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Characterization of the viscoelasticity of pharmaceutical tablets using impulse excitation technique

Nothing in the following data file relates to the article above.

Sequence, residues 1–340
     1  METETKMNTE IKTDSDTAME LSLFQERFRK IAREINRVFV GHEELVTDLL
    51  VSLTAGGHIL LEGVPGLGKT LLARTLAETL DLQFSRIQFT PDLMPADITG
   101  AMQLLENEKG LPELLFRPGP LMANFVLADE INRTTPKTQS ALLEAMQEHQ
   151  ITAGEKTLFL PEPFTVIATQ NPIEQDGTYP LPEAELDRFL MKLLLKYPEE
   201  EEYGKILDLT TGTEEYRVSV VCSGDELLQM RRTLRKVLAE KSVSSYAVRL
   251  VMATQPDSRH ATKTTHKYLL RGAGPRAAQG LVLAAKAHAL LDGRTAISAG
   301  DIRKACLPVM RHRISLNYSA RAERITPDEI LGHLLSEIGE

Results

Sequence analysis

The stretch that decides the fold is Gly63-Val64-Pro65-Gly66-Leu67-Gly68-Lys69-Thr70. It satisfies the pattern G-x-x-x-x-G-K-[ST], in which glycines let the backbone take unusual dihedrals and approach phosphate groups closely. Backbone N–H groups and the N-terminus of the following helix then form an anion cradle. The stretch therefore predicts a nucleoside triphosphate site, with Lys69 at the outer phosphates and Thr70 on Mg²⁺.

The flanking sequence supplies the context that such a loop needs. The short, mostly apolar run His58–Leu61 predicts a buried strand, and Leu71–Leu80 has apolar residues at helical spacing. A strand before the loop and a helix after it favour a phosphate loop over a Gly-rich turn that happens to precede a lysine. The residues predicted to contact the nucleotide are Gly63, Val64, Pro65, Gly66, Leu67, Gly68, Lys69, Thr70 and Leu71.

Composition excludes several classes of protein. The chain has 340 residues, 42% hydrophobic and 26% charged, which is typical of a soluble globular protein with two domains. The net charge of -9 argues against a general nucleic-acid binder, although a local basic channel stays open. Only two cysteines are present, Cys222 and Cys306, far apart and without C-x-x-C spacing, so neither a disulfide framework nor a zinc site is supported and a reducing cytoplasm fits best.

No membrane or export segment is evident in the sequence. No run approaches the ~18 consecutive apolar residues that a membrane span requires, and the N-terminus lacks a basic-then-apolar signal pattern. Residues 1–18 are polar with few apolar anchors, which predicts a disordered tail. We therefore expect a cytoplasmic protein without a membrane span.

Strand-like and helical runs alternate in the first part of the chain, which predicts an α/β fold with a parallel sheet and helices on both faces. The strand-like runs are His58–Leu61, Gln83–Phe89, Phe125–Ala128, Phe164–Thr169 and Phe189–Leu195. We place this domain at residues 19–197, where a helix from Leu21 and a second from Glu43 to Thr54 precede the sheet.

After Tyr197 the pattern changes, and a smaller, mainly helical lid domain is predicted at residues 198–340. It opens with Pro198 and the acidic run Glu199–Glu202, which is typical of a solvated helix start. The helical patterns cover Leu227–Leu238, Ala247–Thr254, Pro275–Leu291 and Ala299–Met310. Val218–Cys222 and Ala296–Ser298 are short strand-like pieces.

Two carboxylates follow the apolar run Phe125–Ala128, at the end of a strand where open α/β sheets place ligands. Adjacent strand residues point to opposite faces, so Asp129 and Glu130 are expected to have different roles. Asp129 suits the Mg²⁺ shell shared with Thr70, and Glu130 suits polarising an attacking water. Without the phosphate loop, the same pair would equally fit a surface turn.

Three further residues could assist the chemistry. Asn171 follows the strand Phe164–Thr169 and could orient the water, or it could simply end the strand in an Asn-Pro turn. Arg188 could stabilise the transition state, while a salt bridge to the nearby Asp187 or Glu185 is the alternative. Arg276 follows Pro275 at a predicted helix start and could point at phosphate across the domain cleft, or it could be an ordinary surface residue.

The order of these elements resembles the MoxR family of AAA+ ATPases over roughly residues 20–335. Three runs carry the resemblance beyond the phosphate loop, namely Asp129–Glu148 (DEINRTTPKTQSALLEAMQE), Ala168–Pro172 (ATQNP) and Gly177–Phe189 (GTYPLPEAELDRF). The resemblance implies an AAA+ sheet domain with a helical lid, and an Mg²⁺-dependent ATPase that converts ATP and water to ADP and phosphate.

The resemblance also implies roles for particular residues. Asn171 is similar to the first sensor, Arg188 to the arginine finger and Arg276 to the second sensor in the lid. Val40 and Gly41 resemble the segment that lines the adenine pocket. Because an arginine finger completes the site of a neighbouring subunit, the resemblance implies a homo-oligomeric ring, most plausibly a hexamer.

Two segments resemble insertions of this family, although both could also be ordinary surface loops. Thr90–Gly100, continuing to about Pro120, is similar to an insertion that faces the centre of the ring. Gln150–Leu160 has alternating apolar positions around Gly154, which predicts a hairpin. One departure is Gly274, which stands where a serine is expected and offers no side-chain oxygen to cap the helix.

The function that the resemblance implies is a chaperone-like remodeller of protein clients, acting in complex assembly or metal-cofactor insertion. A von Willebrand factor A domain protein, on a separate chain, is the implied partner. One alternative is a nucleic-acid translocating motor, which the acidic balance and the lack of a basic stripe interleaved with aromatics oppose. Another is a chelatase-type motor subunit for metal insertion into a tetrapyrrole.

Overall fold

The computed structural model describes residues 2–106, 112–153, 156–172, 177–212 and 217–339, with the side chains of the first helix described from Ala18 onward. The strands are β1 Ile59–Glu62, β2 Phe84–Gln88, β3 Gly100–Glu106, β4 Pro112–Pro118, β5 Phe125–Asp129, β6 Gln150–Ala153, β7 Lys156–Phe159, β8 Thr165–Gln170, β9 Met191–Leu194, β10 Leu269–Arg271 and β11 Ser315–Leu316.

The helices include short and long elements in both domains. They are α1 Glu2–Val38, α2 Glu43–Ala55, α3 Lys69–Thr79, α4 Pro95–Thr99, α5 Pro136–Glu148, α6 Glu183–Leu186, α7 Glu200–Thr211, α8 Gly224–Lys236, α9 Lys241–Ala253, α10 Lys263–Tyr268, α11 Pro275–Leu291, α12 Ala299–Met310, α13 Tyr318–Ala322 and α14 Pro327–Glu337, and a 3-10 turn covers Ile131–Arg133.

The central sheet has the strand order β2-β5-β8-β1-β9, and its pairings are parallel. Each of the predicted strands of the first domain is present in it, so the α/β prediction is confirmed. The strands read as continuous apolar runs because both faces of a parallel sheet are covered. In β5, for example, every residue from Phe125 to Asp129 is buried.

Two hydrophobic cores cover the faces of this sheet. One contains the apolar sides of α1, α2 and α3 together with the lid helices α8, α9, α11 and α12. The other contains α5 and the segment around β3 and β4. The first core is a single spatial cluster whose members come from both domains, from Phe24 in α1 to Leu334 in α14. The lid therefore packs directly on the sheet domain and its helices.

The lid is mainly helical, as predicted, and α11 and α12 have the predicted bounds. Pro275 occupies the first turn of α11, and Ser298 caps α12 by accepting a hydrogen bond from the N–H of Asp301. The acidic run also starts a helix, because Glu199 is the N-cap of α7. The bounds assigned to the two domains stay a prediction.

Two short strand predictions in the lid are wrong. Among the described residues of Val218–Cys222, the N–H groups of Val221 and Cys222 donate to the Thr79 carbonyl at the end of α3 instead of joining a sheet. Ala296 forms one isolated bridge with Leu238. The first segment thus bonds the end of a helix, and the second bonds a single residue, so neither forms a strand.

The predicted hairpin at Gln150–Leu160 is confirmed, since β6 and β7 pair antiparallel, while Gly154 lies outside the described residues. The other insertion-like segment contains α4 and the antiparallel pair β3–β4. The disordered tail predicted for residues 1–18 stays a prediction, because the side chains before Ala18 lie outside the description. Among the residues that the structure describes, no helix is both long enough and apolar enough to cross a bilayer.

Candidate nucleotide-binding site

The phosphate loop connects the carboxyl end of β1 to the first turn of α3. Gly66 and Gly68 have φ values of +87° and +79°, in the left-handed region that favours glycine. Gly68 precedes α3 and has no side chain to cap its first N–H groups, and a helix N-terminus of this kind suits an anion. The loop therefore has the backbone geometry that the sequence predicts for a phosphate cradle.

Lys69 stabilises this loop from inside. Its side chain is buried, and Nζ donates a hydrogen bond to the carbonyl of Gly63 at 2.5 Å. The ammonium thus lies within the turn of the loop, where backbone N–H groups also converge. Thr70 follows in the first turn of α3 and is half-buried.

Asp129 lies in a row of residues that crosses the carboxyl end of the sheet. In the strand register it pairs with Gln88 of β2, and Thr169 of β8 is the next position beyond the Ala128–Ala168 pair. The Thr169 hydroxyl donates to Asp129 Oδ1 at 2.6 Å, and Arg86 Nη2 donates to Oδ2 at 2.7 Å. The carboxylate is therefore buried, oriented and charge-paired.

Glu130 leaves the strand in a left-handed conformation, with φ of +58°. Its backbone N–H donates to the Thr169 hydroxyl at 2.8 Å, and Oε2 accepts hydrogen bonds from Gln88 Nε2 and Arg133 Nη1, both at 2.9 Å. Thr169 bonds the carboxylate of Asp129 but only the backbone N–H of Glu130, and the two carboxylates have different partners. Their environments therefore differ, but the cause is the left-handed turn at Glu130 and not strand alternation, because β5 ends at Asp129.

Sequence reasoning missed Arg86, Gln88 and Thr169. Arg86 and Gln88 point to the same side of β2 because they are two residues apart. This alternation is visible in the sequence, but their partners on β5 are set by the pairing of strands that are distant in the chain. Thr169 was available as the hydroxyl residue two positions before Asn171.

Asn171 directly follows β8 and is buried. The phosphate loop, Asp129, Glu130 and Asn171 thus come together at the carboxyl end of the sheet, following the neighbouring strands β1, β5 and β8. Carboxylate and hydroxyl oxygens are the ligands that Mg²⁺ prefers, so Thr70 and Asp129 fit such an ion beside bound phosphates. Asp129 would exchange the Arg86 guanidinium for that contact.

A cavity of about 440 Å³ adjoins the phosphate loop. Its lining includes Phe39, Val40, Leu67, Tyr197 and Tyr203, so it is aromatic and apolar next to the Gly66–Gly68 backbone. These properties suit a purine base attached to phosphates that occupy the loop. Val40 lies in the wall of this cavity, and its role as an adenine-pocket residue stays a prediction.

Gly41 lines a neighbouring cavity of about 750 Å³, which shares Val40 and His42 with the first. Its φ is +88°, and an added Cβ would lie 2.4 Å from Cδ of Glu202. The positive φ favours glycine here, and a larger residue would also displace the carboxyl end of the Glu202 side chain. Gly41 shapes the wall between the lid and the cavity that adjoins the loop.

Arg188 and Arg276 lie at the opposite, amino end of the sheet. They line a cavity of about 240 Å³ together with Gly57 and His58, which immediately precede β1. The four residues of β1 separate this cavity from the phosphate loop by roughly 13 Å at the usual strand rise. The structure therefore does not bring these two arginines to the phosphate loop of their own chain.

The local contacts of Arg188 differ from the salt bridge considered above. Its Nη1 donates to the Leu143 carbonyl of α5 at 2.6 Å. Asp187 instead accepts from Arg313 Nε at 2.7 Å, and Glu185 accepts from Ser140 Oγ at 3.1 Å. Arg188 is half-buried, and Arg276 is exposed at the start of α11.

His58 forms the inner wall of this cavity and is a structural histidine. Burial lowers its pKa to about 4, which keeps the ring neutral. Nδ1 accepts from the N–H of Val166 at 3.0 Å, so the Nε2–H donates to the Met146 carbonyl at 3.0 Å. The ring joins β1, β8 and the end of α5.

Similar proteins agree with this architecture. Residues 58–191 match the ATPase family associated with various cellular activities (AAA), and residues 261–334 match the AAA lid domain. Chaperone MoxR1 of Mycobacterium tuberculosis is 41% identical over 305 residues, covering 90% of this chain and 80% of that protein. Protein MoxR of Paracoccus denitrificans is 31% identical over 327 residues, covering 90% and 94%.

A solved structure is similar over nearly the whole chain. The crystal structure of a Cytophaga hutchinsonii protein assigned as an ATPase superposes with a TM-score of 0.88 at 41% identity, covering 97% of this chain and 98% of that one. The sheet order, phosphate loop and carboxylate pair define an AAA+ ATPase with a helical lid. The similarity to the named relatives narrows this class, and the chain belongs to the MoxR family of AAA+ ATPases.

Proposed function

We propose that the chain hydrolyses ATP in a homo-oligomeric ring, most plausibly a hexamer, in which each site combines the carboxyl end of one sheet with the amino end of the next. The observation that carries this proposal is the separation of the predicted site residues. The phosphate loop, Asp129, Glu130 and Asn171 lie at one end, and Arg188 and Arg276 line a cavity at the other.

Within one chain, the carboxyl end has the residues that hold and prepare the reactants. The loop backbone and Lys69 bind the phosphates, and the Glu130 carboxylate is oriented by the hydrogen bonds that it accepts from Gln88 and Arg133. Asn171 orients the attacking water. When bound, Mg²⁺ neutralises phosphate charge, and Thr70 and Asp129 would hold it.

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The production of pharmaceutical tablets involves different types of presses, each with distinct compaction kinematics. Consequently, the strain rate sensitivity (SRS) of the powders used becomes a crucial property in tablet manufacturing. Viscoelasticity, a component of SRS, can sometimes be challenging to characterize. In this study, the impulse excitation technique was employed as a straightforward method to assess viscoelasticity. This method leverages the fact that viscoelastic properties induce damping, detectable on resonance spectra as peak enlargements. A damping ratio, linked to the first flexural vibration mode, was determined on impulse excitation frequency spectra using the half-power bandwidth method applied to tablets produced with various materials. This approach yielded reproducible results for the damping ratio. Recognizing that viscoelasticity is not the sole factor contributing to damping, tests were conducted to evaluate the influence of other parameters such as viscoplasticity, porosity, and tablet dimensions. Results suggested that the impact of these factors could be considered negligible. Ultimately, the determined damping ratios aligned well with the known viscoelastic behavior of the studied products, affirming that impact resonance serves as a convenient and rapid method for characterizing the viscoelastic nature of pharmaceutical tablets.
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